Monthly Archives: February 2014

As I sat there and observed the Senate Judiciary Committee’s hearing on SB133, I was amazed at the lack of decorum exhibited by the opponents to the bill.  

Rick Johnson, was the worst, with his combative and disrespectful rants aimed at the senators on the committee, referring to them as “you people”.  One moment he was making flippant remarks that were (I suppose) meant to endear him to the lawmakers, and then he would suddenly lash out in anger at them.  He made loud comments from the gallery, completely out of order, and was simply embarrassing. He is the undisputed leader of the opposition, and he showed little or no class in the way he represented himself or his constituents.  The madder and more indignant he got, the higher his voice got.  I thought at one time I could actually see the veins in his big neck.  And when Senator Johnston started questioning him, I couldn’t believe how poorly he defended his opposition to the bill.

I had to choke down my laughter over Bob O’Block’s contention that a license would “put a guy out of business” that makes $5,000 a year part time.  I’m going to tell you that if you told me I had to pay $500 but could make $5,000 part time, I’d be all in.  You know, I’ve done about as much research as I can, and don’t see where O’Block’s “group” exists anywhere but in his own mind.  He says he represents about 45 former law enforcement professionals.  After looking at the way he conducts himself, the way he dresses, the way he presents to a panel…I’m just trying to imagine the group of rag-tag private investigators that would call him their “leader”.  His response to the senator’s questions were confusing and made no sense.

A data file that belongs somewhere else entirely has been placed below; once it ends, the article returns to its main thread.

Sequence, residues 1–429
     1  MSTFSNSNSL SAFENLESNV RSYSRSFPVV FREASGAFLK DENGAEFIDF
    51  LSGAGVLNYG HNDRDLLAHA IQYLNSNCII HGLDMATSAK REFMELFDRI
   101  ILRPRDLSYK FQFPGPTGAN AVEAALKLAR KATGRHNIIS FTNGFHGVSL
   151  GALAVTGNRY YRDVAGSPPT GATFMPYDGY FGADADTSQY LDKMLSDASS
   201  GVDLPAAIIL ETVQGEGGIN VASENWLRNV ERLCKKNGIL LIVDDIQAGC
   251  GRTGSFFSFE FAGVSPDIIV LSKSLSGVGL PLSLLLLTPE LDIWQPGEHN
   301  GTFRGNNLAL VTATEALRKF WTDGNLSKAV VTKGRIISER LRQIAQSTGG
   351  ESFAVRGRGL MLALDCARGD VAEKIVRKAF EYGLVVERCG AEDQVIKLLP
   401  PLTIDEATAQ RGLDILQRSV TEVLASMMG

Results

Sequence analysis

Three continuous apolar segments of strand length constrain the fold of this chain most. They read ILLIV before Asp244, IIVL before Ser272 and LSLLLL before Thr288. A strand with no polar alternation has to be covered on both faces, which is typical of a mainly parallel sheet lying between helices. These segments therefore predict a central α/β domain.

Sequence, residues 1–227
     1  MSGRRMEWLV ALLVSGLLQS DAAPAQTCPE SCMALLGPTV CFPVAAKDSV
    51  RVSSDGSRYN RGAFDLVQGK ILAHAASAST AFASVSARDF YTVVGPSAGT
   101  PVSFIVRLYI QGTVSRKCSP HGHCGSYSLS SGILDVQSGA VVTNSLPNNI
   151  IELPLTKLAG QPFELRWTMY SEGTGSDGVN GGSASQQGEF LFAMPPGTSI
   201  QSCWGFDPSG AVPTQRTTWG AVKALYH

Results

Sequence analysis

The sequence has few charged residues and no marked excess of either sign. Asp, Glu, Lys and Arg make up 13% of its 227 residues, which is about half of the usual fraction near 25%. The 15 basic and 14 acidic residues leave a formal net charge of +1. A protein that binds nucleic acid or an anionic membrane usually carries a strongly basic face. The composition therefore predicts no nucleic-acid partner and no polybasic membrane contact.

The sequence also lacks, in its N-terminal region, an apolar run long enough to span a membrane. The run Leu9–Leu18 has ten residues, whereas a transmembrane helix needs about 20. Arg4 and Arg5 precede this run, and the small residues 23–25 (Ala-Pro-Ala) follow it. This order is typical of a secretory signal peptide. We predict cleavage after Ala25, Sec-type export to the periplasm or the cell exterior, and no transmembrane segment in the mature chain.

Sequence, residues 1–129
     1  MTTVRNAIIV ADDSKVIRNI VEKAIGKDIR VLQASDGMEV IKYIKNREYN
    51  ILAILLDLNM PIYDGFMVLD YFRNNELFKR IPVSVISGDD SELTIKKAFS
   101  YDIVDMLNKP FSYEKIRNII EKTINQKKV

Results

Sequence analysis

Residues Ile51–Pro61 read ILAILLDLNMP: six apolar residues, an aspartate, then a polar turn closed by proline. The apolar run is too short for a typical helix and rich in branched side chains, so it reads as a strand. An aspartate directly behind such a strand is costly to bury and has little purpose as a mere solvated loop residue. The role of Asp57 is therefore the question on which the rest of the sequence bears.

The guy that had to leave the hearing to attend his grand-daughter’s birthday party was also embarrassing.  Does he not see that every person on that panel saw through his “aw shucks” demeanor?  Does he really expect us to believe that every single person in his association has hung a shingle as a private investigator? He represents (probably) about a dozen former federal agents that are enjoying life with a pension after having devoted a career to protecting and serving (for which I will say I’m grateful).  But to say you can’t afford a few hundred bucks for a license?  

The guy that got up there and said he charged three time what everybody else does, yet can’t afford to show up in proper attire, was humorous.  I’m sure he knew this hearing was scheduled and if he was intent on making an impression as a guy that charges $200+ an hour, he sure didn’t make that with me.  

Here’s what made me the maddest.  The total lack of understanding by the opponents about the issue of cost.  Opponent after opponent lined up and bitched about the $1,000 license fee.  This fee structure is based upon the last bill, which is going away (regardless of the outcome of SB133).  So to talk about it is absolutely worthless.    

You know, this bill has some issues.  But the opponents did absolutely noting to explain to me why we shouldn’t regulate private investigators.  

So to the opponents, this is my question:  

Why SHOULDN’T we regulate?  You’ve given me nothing to agree with you on.  Don’t talk to me about how it will put you out of business.  Its hogwash and you know it.  Don’t tell me there’s no demonstrable harm, because its been demonstrated.  Give me a real reason NOT to regulate.  


There sure are a lot of people outside of Colorado watching what’s going on in the Centennial State these days.

A blogger up in Washington has now weighed in.  But he falls short on a few points…mainly because he has no first-hand knowledge of what’s going on in Colorado.  In his first paragraph, he says, “I felt like it was quietly taking place”.  Maybe if he were sitting in the Rocky Mountains instead of the Cascades, he would feel differently.  The truth is that folks (for and against) have been meeting over the issue for months (and have been arguing for years) and there as been a lot of effort to bring mandatory licensing to Colorado.  There has also been a lot of effort to kill licensing altogether.  But as someone who is actually here in Colorado, I can promise this:  Nothing here is happening “quietly”.